I asked journalist, filmmaker and photographer Pablo Mediavilla Costa, also one of my students at The New School, to give some perspective on the Spanish reality TV series, ‘Perdidos en la tribu’ (‘Lost in the tribe’) filmed, among others, in Namibia among the San (referred to by the derogatory Bushman in the series) and the Himba (that’s the Spanish cast members in Himba blackface above). In the host countries, the series has been criticized for its crude stereotypes and exploitation of the locals. I wanted to know from Pablo what the reception to the series has been inside Spain:

Lost in the (Spanish TV) tribe

The savage Africans have arrived to Spanish television. Supposedly progressive Spanish TV channel, Cuatro–close to the Socialist government- -last year unfurled one of the most racist products ever seen: ‘Perdidos en la tribu’ or translated ‘Lost in the tribe,’ a reality show in which three Spanish families live for a while with “three primitive tribes unaware of Western civilization: the Himba, the Mentawai and the Bushman”. The prize: 200.000 dollars if they integrate in the amoral wilderness of the uncivilized blacks and stay for, at least, 30 days with them. Painful.

Sharp TV critic Javier Pérez de Albéniz, wrote soon about it: “Are we talking about an ambitious anthropological essay? Maybe it is the making of a National Geographic documentary. Or maybe some ethnological project backed by the United Nations. No, my dear friends, it is a new television product of exploitation of the indigenous people”.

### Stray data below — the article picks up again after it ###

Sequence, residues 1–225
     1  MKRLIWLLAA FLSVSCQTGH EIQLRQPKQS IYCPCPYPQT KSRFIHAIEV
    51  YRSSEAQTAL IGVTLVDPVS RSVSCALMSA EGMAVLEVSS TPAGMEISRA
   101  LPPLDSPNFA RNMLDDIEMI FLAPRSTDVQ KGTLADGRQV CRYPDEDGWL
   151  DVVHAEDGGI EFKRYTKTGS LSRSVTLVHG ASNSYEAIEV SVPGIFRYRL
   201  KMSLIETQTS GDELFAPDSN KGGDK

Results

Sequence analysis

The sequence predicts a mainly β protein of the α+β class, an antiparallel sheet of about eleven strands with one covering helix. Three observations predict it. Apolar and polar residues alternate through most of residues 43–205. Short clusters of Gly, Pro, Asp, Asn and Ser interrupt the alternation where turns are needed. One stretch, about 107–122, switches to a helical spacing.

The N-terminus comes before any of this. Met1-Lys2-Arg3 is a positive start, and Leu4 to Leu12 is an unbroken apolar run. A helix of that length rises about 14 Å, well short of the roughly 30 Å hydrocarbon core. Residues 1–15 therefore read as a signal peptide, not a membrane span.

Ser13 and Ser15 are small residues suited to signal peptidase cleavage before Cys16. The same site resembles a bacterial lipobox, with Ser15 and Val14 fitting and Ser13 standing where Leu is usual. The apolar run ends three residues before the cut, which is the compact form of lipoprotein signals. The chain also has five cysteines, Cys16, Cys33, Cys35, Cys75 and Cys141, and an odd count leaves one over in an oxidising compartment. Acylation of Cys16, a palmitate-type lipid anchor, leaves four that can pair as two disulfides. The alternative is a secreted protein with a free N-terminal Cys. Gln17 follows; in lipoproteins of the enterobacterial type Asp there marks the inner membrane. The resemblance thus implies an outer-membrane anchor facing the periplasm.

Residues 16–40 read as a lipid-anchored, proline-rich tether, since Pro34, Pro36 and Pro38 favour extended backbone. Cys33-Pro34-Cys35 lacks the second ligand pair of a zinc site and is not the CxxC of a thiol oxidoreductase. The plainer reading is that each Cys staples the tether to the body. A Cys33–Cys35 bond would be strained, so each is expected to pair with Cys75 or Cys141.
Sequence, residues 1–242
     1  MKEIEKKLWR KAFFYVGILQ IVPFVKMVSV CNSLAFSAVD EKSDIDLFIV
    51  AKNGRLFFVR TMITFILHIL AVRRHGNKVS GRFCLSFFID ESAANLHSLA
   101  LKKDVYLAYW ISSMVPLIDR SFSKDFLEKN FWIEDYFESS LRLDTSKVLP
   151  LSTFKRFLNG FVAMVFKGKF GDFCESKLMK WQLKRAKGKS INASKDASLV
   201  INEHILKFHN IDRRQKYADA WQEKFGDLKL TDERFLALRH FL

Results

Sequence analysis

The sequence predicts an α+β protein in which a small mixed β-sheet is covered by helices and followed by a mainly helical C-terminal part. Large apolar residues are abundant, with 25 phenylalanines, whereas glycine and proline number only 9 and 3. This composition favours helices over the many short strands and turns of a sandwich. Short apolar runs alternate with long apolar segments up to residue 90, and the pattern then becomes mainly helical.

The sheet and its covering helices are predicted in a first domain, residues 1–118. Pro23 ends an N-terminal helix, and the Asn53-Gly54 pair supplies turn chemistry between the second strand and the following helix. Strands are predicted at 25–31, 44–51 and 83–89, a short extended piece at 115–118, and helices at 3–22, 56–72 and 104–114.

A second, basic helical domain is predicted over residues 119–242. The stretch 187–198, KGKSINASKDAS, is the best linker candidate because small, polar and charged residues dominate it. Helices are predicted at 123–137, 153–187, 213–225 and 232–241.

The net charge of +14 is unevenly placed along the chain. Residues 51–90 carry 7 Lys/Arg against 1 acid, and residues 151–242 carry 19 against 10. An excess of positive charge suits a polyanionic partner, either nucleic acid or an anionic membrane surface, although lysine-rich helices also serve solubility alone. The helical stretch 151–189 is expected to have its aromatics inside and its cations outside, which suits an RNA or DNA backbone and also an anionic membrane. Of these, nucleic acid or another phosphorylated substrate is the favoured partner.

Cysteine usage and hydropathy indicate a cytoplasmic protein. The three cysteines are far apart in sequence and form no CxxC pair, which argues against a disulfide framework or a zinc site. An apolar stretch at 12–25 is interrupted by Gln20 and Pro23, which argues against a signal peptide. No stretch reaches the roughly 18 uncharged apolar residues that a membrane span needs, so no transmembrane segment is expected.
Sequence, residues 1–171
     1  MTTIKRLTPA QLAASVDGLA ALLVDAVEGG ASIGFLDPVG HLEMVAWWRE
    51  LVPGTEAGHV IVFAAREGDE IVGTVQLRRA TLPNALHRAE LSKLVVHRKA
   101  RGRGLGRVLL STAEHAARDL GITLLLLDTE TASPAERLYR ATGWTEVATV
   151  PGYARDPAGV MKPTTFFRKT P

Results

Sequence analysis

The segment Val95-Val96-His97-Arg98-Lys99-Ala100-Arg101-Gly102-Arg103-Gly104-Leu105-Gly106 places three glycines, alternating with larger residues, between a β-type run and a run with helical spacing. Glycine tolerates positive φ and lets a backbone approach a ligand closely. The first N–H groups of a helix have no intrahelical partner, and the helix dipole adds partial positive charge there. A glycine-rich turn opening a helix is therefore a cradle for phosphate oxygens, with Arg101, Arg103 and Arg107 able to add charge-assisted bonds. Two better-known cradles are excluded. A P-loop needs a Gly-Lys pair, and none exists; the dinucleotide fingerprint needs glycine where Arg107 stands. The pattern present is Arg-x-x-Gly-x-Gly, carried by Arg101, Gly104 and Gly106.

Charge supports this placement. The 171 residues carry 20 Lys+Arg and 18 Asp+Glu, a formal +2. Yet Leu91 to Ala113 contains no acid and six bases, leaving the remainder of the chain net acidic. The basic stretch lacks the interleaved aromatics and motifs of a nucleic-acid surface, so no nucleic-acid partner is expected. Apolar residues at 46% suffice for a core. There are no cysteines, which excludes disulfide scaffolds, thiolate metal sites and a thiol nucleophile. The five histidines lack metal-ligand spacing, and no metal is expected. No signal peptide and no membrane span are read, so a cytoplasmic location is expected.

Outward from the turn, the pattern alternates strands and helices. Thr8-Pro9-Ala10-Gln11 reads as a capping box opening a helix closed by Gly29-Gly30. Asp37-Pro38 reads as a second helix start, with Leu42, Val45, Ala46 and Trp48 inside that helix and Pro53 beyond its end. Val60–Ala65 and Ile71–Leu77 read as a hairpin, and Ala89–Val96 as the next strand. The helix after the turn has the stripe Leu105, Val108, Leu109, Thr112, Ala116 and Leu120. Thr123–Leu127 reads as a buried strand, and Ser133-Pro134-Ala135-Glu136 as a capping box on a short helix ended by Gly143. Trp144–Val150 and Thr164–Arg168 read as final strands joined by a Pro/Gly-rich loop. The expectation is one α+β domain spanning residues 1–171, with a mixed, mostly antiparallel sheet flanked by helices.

Now, after the success of the first season–with an average of 2 million viewers–the second one promises “more adventure” with the Hamer from Ethiopia, the Kamoro from Papua and the Nakulamené from Vanuatu. Shameful.

And that is not all, some Spanish NGO’s have denounced that the conditions of life are faked and the villagers were disguised and paid some 200 dollars that then were spent in alcohol.

Here it is an example. This clip is entitled, “the Bushman sick of love”:


Pablo Mediavilla Costa

Further Reading

Our turn to eat

Reflections on Malawi’s recent election rerun, false starts and the hope that public representatives in Africa become accountable to their electorates’ aspirations.

The culture wars are a distraction

When our political parties only have recourse to the realm of identity and culture, it is a smokescreen for their lack of political legitimacy and programmatic content. It is cynically unpolitical, and it’s all bullshit.